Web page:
Round House’s “Caroline, or Change” successful, addresses important issues of class and race

posted in: 2016-2017, Opinion | 0
0 Flares Twitter 0 Facebook 0 Google+ 0 Email -- Filament.io 0 Flares ×

By Alyson Kay
Staff writer
@alysonlyn

(Image: Alyson Kay)
The program of “Caroline, or Change” at Round House Theatre. Alyson Kay/Mitzpeh

 

Round House Theatre in Bethesda showed the musical “Caroline, or Change” Thursday at a discounted price for its College Night. Set in the 1960s after the death of President John Kennedy, the play gives the audience a glimpse into the Civil Rights era and masterfully tackles problems such as racism that are still relatable today.

The play centers around an African-American maid named Caroline Thibodeaux (Nova Y. Payton), who works for a middle class Jewish family, the Gellmans. Rose Gellman (Dorea Schmidt) gives Caroline the opportunity to pocket the loose change that her stepson Noah Gellman (Griffin McCahill) leaves in his pockets when he puts his laundry in the hamper, which Rose hopes will teach the boy about taking care of his money.

The play’s set was very well done. The three-story house was beautiful and authentic for the time period. From the chandelier that was hung on the first floor to the lime green washer and dryer in the basement, the set let audience members see that this family was a pretty well-off family during the 60s. Their privilege was especially apparent because they lived in Louisiana and had a basement, which isn’t common since the state’s geography makes it difficult to build underground.

The plot was another strong part of the play. It was interesting that it had a plot line for each of the major characters. Even when events for different characters were  happening almost simultaneously, the audience could still take them both in and switch between them easily. This made the story more engaging and relatable, and Round House handled it well.

One way that the production team helped the audience make sense of this busy play was with the lighting. The lighting was also used very well to separate day from night. The orange and yellow lighting for the early morning sun against the house looked very realistic and was one of the most beautiful parts of the set. The moonlight during the night scenes was cool and blue while still showing actors clearly.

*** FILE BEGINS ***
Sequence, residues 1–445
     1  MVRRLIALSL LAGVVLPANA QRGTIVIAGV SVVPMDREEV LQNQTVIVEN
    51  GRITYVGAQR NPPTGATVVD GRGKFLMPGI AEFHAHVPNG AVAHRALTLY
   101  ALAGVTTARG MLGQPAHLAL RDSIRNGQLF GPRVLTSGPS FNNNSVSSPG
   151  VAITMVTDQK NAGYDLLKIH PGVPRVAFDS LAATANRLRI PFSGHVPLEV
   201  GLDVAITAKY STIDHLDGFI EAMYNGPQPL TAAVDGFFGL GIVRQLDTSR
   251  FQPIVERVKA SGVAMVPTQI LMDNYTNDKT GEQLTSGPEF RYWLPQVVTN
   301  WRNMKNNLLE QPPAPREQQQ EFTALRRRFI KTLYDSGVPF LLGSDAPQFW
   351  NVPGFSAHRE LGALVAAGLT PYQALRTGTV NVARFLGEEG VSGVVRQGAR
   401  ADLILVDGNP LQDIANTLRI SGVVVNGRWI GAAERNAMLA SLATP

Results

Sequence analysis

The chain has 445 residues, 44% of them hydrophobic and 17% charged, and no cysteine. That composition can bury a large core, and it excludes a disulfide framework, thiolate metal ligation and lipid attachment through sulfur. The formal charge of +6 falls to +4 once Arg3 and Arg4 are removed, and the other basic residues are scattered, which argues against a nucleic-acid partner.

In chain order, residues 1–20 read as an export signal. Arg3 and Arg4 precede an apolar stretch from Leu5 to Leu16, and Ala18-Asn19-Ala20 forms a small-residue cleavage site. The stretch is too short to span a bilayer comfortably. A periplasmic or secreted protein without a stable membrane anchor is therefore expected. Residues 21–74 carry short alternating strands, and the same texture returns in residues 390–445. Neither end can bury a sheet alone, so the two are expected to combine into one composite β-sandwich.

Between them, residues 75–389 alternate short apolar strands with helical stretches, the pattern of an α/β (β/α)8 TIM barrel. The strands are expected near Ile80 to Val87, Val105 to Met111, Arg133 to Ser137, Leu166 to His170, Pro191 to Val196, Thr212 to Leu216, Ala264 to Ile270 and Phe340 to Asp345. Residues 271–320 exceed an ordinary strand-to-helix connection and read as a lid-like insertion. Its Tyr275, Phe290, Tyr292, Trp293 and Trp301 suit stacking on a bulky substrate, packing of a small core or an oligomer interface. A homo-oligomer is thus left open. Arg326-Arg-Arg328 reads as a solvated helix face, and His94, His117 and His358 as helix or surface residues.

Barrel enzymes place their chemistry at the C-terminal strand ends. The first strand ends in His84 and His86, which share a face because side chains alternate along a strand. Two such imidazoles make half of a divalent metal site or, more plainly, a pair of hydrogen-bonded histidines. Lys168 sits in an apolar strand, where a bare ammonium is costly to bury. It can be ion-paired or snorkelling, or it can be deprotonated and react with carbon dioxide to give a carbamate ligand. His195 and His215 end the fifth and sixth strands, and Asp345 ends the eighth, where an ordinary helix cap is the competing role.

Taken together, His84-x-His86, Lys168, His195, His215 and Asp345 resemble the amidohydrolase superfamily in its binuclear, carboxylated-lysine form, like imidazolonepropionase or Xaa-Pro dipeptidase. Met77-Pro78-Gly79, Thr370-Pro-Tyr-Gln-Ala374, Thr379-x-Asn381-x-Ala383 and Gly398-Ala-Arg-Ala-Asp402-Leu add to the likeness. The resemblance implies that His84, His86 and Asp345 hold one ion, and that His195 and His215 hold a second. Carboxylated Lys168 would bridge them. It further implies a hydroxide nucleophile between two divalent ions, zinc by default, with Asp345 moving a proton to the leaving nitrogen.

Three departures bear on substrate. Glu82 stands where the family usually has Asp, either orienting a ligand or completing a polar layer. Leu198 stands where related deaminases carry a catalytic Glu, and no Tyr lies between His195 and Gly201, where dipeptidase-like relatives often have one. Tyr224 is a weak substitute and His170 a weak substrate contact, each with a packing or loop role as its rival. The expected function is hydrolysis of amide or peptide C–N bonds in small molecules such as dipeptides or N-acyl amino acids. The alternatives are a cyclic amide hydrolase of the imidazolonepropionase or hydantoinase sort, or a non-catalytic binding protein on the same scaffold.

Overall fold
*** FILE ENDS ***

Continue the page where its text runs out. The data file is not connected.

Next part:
During the Hanukkah scene, the atmosphere is light and cheerful. The family speaks a few words in Yiddish and some Hebrew, which makes it more realistic. One stereotype of Jewish people that drives the plot is that Jewish people are misers. The main plot centers around Rose wanting Noah to save pennies and quarters from the wash. It all highlights how privileged the family is because their son takes money for granted.

The actors were also great. It was difficult not to get involved with the characters and their emotions. McCahill uses body language to perfectly convey the panic Noah must feel when realizing that he lost the $20 bill. When he realizes that Caroline has the bill and intends to keep it, you can feel the indignation and anger in his voice as he sings with Caroline as he begs for it back and it devolves into name calling.

Payton also did a good job as Caroline. Her best scene was when she and Rose were talking about how Noah leaves change in his pockets and Rose asks Caroline if her children manage their money well. The obvious sarcasm that Payton delivers just makes the lines that much more funny and highlights the absurdity that Rose thinks Caroline’s family has the money to have that problem.

The only issue was there were times when two characters were singing together and it was difficult to understand who was singing what. However, it was generally clear what the actors were saying. Overall, I loved this play and look forward to reading the book on which it was based.

Round House will be presenting this show through Feb. 26. See http://www.roundhousetheatre.org/performances/caroline-or-change/ for more information.

Alyson is a senior journalism major. She can be reached at kayalyson73@gmail.com.

Comments are closed.